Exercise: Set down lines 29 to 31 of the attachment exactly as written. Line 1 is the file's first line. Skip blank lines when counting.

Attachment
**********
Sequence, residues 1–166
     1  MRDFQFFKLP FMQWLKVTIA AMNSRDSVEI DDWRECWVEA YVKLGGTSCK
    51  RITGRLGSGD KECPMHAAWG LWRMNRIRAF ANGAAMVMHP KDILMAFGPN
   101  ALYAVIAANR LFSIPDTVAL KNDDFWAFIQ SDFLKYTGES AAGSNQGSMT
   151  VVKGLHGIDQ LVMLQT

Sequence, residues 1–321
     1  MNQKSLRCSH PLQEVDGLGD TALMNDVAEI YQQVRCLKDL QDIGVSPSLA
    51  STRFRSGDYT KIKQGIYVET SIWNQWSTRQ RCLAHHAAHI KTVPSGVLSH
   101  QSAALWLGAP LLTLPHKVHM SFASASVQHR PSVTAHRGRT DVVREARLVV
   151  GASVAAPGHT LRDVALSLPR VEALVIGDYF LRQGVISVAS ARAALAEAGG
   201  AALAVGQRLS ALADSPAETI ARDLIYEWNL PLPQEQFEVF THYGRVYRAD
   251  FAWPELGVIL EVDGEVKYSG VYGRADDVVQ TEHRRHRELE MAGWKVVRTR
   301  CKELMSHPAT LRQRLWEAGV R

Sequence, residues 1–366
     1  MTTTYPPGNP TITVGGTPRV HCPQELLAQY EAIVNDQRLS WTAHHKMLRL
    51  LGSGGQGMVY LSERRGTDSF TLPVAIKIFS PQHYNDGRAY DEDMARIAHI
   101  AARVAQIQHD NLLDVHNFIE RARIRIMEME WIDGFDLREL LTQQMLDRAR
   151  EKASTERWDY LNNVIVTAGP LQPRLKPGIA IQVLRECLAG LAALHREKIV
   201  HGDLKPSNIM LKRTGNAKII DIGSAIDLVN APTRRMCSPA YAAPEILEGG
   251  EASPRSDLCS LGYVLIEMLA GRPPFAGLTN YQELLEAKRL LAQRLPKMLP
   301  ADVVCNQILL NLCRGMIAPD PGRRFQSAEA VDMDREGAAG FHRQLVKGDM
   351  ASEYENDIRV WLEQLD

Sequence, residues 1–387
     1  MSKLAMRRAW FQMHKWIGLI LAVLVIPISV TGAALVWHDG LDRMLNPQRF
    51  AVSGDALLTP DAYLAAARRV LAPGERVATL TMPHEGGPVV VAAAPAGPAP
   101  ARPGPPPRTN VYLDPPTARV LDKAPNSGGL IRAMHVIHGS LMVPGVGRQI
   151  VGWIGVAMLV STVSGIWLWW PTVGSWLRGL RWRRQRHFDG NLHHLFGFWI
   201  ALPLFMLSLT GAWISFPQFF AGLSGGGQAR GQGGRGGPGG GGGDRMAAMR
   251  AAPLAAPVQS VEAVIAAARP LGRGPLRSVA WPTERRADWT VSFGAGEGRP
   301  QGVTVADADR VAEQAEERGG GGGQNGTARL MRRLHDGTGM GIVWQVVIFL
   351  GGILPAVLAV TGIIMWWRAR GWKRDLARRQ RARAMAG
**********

   251  AAPLAAPVQS VEAVIAAARP LGRGPLRSVA WPTERRADWT VSFGAGEGRP
   301  QGVTVADADR VAEQAEERGG GGGQNGTARL MRRLHDGTGM GIVWQVVIFL
   351  GGILPAVLAV TGIIMWWRAR GWKRDLARRQ RARAMAG